Ready to Start Juicing? Let`s Do This
Ready to start juicing but not sure where to begin? This quick overview of making healthy and tasty green juice should do the trick.
Eight months after I made the leap to go vegan I stumbled upon the world of juicing. I was surprised I knew so little about it because I began to find more information than I knew what to do with.
I don’t intend to overwhelm you with all the possibilities, options, or health facts about vegetable juice. This post will help you jump in the deep end at your own pace. No need to panic. Juicing is not rocket science and it’s not hard.
What is Juicing? The process of juicing involves squeezing the liquid out of fruits and/or vegetables, which removes all of the fiber, and then you drink all of the liquid. Juicing can be completed with a mechanical juicer or you could just squeeze a carrot with your bare hands. Good luck with the latter.
What’s wrong with fiber? Nothing! Fiber helps move toxins out of the body. However, the whole point of juicing (as opposed to smoothies) is that you flood your body with LOTS of nutrients very quickly. Fiber slows digestion and makes it harder to absorb all the nutrients. I’m not advocating you never have fiber, just that you also include juices in your diet as often as possible.
Is it good for me? YES! Juicing removes the fiber and leaves many or all of the natural vitamins, minerals, and nutrients in tact, especially if you have a high-quality juicer. Many people credit juicing as the reason they overcame a range of illnesses and diseases, including cancer.
How much should I drink? As much as possible. I’m not going to give you an upper-limit because you would likely never drink that much. A healthy place to start is 16 ounces (.5 liter) a day, but feel free to drink more.
Is it expensive? Depends on how you view the price of food vs. traditional western medicine. If you were diagnosed with cancer, heart disease, or diabetes you would likely spend tens or hundreds of thousands of dollars (USD) over the course of many years. Juicing doesn’t cost that much – not even close.
No, really. How much does it cost? If you drank nothing but vegetable juice for 24 hours straight, you would spend around $40.00 for that day. The price will vary based on which ingredients you buy, where you live, and if you buy in bulk. The cost of an average 16-ounce juice is roughly $4.00.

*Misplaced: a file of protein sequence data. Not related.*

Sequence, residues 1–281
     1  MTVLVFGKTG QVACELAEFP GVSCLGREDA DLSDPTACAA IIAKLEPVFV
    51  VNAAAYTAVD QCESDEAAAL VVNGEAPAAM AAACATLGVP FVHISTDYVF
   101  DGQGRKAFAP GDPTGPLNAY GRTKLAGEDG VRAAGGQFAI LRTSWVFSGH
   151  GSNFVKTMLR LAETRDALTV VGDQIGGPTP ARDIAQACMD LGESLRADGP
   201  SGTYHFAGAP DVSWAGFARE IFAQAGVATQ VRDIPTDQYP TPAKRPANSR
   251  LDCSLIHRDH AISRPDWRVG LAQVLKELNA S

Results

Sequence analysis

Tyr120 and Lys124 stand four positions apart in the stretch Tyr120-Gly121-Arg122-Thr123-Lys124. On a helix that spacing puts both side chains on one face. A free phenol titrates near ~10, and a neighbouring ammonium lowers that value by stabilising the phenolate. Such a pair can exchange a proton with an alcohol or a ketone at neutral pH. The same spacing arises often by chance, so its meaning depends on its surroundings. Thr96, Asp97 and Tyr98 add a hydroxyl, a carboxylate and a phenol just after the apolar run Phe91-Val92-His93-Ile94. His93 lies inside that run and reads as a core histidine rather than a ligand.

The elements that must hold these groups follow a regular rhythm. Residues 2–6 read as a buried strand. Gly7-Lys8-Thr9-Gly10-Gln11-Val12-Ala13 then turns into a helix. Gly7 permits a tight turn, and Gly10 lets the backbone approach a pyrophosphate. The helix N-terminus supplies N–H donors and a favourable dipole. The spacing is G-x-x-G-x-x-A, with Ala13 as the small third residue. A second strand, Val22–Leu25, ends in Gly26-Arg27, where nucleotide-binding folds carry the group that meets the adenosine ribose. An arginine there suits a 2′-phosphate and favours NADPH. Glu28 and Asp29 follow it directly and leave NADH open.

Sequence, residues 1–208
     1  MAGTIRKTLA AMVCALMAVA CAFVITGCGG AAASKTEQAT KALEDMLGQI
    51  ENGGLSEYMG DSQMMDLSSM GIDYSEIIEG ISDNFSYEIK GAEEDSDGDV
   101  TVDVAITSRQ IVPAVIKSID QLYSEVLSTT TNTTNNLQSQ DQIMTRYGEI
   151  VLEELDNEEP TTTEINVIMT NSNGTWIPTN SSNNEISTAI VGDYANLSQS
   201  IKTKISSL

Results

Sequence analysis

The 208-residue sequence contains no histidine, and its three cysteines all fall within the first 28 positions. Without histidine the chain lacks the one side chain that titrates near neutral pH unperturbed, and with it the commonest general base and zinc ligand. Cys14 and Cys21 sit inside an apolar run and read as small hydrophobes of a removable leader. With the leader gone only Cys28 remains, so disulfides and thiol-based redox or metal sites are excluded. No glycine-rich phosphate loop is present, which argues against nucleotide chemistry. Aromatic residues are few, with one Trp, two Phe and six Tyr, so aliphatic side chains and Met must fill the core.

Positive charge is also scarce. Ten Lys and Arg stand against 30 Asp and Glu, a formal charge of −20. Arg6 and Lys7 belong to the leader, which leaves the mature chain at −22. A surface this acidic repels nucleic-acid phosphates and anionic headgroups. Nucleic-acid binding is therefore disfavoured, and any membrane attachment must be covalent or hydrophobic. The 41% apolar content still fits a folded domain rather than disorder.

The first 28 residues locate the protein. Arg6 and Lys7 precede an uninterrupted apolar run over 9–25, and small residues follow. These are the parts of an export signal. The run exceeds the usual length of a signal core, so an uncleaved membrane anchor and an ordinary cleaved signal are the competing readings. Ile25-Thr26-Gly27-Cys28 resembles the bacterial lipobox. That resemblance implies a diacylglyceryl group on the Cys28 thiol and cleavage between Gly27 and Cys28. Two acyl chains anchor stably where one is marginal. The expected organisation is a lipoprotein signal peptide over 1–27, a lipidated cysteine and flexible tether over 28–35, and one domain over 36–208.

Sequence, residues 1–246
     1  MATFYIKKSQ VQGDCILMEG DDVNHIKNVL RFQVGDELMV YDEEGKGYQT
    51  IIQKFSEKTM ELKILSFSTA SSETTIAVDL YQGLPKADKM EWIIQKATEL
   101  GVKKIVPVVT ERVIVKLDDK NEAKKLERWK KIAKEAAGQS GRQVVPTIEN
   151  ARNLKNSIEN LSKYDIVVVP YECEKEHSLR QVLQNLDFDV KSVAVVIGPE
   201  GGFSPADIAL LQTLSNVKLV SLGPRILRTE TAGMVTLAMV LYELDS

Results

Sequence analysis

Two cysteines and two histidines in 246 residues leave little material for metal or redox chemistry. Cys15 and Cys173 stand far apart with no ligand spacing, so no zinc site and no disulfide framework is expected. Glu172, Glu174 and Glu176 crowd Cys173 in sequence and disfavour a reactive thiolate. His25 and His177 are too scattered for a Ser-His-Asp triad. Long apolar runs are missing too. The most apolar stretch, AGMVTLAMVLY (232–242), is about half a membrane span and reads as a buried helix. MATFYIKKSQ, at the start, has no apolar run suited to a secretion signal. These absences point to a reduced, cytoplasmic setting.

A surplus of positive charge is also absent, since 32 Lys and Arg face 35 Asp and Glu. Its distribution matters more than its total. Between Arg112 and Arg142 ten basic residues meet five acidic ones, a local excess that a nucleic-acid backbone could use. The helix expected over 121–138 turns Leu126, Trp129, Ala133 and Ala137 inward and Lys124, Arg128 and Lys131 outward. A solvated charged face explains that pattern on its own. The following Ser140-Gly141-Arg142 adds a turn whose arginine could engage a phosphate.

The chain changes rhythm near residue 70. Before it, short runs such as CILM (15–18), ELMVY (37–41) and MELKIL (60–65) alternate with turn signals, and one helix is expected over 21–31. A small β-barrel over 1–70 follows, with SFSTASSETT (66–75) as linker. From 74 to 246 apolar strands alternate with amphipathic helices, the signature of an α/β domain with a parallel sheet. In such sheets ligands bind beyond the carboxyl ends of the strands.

Does it taste good? Do you like drinking dirt? I’m just kidding! Juice is like alcohol – it’s an acquired taste. There are endless ingredient possibilities so you can always make a juice sweeter by simply adding more natural fruit sugar. Vegetable juice is normally a little bitter and can take a while to get used to.
How much time does it take? Including setup, juicing, and cleaning up afterwards, I can make 32 ounces (1 liter) of juice in about 25 minutes. The longest part of the process is the cleanup. If you can delegate this task to your children, spouse, or a handy-man, do it.
Are there any side effects? Yes. Juicing floods the body with healthy nutrients, which dispels toxins into the blood stream. Toxins will float around your blood for a while and then exit through your bowels and urine. It is common to experience mild headaches, gas, bloating, diarrhea, cramps, nausea, or vomiting. Mild symptoms are totally normal and expected. Severe reactions are not normal. Start slow and add more juice as needed.
Can I freeze the juice? Yes, but not for very long. Juice is best consumed immediately because it will oxidize and many of the nutrients will be lost. I normally make a juice, pour it into a thermos, put the thermos in the freezer, and then drink the juice within 24 hours.
Can I trust you? I have been successfully drinking vegetable juice for three years now. I once completed a 10-day juice feast where I drank nothing but freshly-squeezed vegetable juice and water. I frequently make juice at home and it makes me feel more alive than just about anything else I do.
When can I get started? TODAY! All you need is a decent juicer and some vegetables. You can also improvise and use a blender to breakdown the produce. Then just filter out of the fiber with a nut milk bag.
Quick Guide to Juicing
My Weekly Produce Feast
I usually include four ingredients in my juice: (1) carrots, (2) apples, (3) cucumber or celery, and (4) green leafy vegetables. This combination provides tasty sugar from the carrots and apples, a little salt from the celery and cucumber, and a bunch of hard-core nutrients from the leafy greens.
These recipes should each make about 32 ounces (1 liter) of vegetable juice. The size of the produce and amount you choose will vary. The ratios here are what’s important. You should aim for less than 25% of the juice to include dark greens. If you go higher than one-quarter, the juice may be too powerful to drink and could cause some undesirable results.
Your Challenge for Today
If purchasing an expensive juicer has put a dent in your plans, forget about it for now. Start making green smoothies instead. Blenders are much cheaper and you can get all of the glory of juice from a smoothie if you filter out the liquid with a nut milk bag.
The goal is to get started today. No excuses.
I Know You Have Questions
Go ahead, send me an email. You will more than likely have many questions as you get started. I’m all ears. Let me know how I can help.
– Jeff Sanders
This content was originally published here.